The proportion of the world’s urban population is expected to increase from 47% in 2000 to about 57% by 2050. More than 90% of future population growth will be accounted for by the large cities in the developing countries. In the developing world, Africa has experienced the highest urban growth during the last two decades at 3.5% per year and this rate of growth is expected to continue into 2050.
This study aims to analyse the interactions between the process of urbanisation and land tenure arrangements, land governance and tenure security in peri-urban areas, particularly in smaller urban centres, looking particularly at recent experience in Ghana and Tanzania.
The study will focus on the following four questions:
- What are the trends in urbanisation and the transformation of rural land to urban land in Sub-saharan Africa, particularly in the case of rural towns? What are the concepts and definitions of urbanisation that underpin the data on such trends?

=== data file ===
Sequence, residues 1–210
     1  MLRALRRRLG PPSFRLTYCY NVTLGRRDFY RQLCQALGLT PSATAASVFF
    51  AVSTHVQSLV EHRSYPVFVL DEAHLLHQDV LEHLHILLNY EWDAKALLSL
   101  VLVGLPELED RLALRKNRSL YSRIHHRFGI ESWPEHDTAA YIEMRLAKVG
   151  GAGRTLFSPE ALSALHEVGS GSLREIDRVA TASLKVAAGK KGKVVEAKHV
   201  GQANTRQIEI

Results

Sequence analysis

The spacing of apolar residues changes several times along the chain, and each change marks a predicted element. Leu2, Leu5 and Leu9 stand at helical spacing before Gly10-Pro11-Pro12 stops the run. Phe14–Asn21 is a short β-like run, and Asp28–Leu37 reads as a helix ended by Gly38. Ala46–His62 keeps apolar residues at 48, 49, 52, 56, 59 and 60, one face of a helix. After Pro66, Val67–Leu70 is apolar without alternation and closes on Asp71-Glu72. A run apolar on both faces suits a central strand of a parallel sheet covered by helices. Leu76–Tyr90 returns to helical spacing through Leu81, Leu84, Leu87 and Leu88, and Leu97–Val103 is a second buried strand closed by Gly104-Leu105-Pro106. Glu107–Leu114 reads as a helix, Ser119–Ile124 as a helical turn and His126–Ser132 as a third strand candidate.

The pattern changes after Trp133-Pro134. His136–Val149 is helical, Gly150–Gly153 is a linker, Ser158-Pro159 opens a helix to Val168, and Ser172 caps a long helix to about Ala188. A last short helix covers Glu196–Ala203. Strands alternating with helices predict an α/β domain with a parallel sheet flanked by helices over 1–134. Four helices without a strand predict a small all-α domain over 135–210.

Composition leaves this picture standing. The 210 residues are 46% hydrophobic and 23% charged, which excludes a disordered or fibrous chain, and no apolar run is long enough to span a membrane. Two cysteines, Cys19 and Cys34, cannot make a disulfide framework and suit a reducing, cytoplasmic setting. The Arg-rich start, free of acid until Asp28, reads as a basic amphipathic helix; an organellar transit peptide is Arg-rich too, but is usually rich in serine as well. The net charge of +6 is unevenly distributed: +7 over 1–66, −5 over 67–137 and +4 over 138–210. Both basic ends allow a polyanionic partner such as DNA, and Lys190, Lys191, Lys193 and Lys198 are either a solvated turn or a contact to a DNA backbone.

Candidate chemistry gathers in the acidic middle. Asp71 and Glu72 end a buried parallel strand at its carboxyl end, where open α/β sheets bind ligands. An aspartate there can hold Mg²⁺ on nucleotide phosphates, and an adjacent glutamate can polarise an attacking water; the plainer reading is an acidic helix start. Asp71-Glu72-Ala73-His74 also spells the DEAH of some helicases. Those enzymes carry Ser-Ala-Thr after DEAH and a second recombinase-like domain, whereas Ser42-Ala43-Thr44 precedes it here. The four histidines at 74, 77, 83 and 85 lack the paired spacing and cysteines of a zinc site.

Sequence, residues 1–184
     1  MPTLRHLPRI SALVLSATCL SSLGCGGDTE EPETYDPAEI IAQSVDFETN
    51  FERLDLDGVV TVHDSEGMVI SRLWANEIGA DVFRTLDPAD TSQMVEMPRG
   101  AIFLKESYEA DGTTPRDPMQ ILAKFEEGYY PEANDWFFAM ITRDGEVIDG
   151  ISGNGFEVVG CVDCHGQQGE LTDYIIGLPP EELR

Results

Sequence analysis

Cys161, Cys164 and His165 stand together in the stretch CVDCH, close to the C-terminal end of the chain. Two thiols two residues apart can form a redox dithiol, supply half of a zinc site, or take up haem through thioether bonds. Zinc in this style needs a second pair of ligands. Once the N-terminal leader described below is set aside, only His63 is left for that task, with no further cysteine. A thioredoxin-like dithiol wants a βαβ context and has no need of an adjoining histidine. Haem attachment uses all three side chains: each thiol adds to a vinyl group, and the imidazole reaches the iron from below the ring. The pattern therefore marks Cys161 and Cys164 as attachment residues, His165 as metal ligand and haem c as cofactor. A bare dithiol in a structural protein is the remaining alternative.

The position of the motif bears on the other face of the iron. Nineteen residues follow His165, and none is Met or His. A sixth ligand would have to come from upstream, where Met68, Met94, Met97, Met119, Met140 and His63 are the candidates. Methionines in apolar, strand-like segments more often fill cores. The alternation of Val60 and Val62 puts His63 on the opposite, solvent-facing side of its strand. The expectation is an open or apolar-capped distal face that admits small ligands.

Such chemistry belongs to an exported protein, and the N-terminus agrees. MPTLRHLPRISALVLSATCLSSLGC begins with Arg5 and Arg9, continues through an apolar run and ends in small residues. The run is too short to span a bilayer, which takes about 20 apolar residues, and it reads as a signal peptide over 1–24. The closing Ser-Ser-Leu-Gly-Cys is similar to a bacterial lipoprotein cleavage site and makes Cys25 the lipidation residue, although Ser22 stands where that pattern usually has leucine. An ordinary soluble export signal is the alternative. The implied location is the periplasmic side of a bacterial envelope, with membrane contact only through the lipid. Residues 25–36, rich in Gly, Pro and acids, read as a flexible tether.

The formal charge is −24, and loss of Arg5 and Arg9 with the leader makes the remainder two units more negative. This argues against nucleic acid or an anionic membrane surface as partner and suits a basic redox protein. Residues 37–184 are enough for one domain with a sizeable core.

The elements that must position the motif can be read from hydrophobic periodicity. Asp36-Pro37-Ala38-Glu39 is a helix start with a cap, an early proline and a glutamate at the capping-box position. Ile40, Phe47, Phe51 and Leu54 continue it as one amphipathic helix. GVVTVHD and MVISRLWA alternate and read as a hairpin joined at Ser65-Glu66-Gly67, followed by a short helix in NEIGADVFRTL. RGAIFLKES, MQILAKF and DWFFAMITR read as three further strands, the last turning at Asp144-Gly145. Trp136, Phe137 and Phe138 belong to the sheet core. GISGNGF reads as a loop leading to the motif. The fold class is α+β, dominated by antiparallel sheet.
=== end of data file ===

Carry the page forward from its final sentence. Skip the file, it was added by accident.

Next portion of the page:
- What are the implications of such changes for the rights of those involved in the transitions, particularly poor and vulnerable people, for holders of existing tenure rights, and the administration of those rights, particularly where the institutional mandate for administering rights changes as areas are reclassified from rural to urban areas? What are their options to assert their rights?
- What impact do these changes have on the livelihoods and poverty levels of those affected?
- How could donors and African governments respond to this? What needs to change in thinking to enable funding of transformative support that supports economic development — specifically a sustainable process of urbanisation — while acknowledging the existing rights of people and empowering them to assert these rights to overcome poverty and secure sustainable livelihoods?
The study will include two case studies: Ghana and Tanzania. Both of these countries are experiencing rapid urbanisation (Wenban-Smith, 2014). Indeed, Tanzania is one of a handful of countries that is likely to account for the majority of new urban dwellers (Lucci 2014) and it is expected that by 2030, more than 20 million Tanzanians will live in urban areas (Lugoe 2008). In both of these countries, the peri-urban areas have experienced a collision of customary and modern/formal land tenure and administration systems, with challenges in managing the transition.